As marketers and communicators, we have multiple goals. We are tasked with achieving:
- Increased reach and audience growth
- Increased engagement and mind share
- Increased prospect and lead generation to fuel sales
- Indirectly increased sales and revenue
No one tool or method achieves all these objectives well. We would be foolhardy to assume that such a silver bullet even existed. However, a fair number of marketers, seeking such a magic easy button, have recently turned to influencer marketing.
We’ve discussed recently how influencer marketing should be measured; an even more important question is, when should influencer marketing be incorporated into our marketing strategy? When shouldn’t it – and what are the alternatives?
Influencers and the Customer Journey
Consider the generic customer journey, from awareness to consideration to evaluation to loyalty, as diagrammed out by McKinsey & Company:
What do influencers bring to the table?
- Influencers tend to have larger than average audiences
- Influencers tend to have more engaged audiences
What don’t influencers bring?
- Influencers tend not to spur direct sales, especially of higher cost items
- Influencers tend not to change loyalty or sentiment of a customer post-purchase
Let’s map the benefits of influencers to the customer journey, as shown by the green highlight below:
Influencers excel at creating triggers and building the initial consideration set. Influencers have diminishing influence in the active evaluation stage; consumers supplement their product knowledge with channels such as word of mouth as well as organic and paid search.
Fixing a Sales Problem
Influencers, by contrast, are not sales personnel. Other than their own products, we don’t often see influential personalities directly selling the brands they represent.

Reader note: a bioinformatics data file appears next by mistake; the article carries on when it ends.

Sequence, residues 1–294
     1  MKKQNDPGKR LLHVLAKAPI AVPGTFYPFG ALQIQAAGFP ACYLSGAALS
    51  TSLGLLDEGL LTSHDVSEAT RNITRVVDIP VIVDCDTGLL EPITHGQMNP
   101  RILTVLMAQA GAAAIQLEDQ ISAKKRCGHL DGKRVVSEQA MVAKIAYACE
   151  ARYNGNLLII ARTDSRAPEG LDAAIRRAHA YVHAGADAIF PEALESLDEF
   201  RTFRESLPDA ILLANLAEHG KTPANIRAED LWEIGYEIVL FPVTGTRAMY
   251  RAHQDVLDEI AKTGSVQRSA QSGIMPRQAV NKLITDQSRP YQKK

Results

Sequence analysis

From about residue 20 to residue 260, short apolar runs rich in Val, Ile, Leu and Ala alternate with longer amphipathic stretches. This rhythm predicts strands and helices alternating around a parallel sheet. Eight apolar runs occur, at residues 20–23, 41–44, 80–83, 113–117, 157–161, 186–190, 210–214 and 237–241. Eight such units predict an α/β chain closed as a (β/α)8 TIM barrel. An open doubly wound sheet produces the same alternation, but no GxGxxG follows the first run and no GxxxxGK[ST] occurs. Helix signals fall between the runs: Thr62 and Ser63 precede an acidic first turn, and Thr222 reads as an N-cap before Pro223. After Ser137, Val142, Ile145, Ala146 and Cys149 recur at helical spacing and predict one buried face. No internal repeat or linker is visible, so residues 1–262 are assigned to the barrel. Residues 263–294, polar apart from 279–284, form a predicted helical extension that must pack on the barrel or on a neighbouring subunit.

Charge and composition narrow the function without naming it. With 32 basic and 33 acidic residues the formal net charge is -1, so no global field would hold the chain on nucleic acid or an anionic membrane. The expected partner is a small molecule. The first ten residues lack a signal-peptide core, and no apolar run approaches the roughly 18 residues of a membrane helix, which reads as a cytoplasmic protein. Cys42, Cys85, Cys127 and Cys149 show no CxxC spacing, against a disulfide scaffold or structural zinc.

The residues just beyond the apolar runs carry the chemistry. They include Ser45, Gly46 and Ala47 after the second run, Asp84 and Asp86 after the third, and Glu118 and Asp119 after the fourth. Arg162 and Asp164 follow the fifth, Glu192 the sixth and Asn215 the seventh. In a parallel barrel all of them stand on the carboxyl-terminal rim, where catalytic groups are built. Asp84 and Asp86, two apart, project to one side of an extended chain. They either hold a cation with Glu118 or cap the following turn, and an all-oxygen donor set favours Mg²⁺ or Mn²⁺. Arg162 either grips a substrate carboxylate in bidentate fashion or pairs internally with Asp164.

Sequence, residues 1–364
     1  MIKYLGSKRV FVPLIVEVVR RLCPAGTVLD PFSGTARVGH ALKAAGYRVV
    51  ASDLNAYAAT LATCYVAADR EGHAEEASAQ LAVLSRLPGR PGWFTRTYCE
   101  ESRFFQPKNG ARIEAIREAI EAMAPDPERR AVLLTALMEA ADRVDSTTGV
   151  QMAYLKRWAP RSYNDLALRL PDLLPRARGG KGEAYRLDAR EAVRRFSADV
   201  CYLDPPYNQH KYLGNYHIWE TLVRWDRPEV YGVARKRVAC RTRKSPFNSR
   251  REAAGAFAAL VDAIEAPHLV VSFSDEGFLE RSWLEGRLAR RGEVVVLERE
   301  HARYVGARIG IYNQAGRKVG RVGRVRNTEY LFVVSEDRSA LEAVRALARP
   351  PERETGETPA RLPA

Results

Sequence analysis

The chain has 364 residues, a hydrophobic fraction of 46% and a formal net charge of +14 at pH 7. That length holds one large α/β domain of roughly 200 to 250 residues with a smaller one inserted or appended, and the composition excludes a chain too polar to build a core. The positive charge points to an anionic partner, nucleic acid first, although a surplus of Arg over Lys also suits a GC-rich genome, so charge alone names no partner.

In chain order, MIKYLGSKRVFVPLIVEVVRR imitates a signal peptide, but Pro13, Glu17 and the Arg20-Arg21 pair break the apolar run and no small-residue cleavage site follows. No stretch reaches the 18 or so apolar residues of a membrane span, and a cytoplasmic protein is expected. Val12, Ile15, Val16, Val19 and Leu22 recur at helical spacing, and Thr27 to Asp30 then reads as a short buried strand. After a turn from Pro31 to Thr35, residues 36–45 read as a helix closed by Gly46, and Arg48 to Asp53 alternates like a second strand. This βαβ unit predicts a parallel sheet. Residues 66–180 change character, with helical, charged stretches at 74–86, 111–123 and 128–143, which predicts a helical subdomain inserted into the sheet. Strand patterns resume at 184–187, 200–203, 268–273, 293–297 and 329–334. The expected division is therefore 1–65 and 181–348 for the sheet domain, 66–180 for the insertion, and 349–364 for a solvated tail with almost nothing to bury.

Who does sell? If we seek to spur sales growth, influencers aren’t the right tool for the job. What we seek are affiliate marketers, people who directly sell to their audiences on a commission basis.
One of the most widely known affiliate sales programs is Amazon Associates; with Amazon Associates, any individual can earn between 1% and 15% commissions on the items they help to resell. Unlike influencers, affiliates typically don’t receive pay beyond the sales commission; thus, if they want to maximize their earnings, they must maximize their sales.
If we add our affiliate marketers to our customer journey, we see their effect in the yellow and blue boxes:
Affiliates help us to catch customers as they actively evaluate what product to buy and provide bountiful calls to action for the moment of purchase. We provide incentives to affiliates to create that moment of purchase.
Mixing and Mismatching
Where companies run into trouble is confusing the purpose of these two groups. Influencers aren’t great at sales, and many affiliates will not work to build awareness, because awareness doesn’t ring the cash register for them. We must select the right group of people to address the marketing and sales problems we have.
- No awareness? Influencers can be a potent tactic to create triggers and awareness.
- No active evaluation or point of purchase? Affiliates can help accelerate sales velocity.
Based on these characteristics, we also see which parts of our business should interact with each group.
- Awareness, trust, and engagement are typically the domain of public relations; it’s wholly appropriate for the PR team or PR agency to manage influencers.
- Lead generation, website clickthroughs, and transactions are typically the domain of marketing and sales. Marketing and sales should collaborate to manage an affiliate program.
Choose the right tactic for the right problem.
The old aphorism ‘measure twice, cut once’ implies that you know what you’re building. As important as measurement is, asking influencers to do the work of affiliates and vice versa will lead us to measure them for the wrong performance indicators, and our campaigns will suffer for it.
Christopher S. Penn
Vice President, Marketing Technology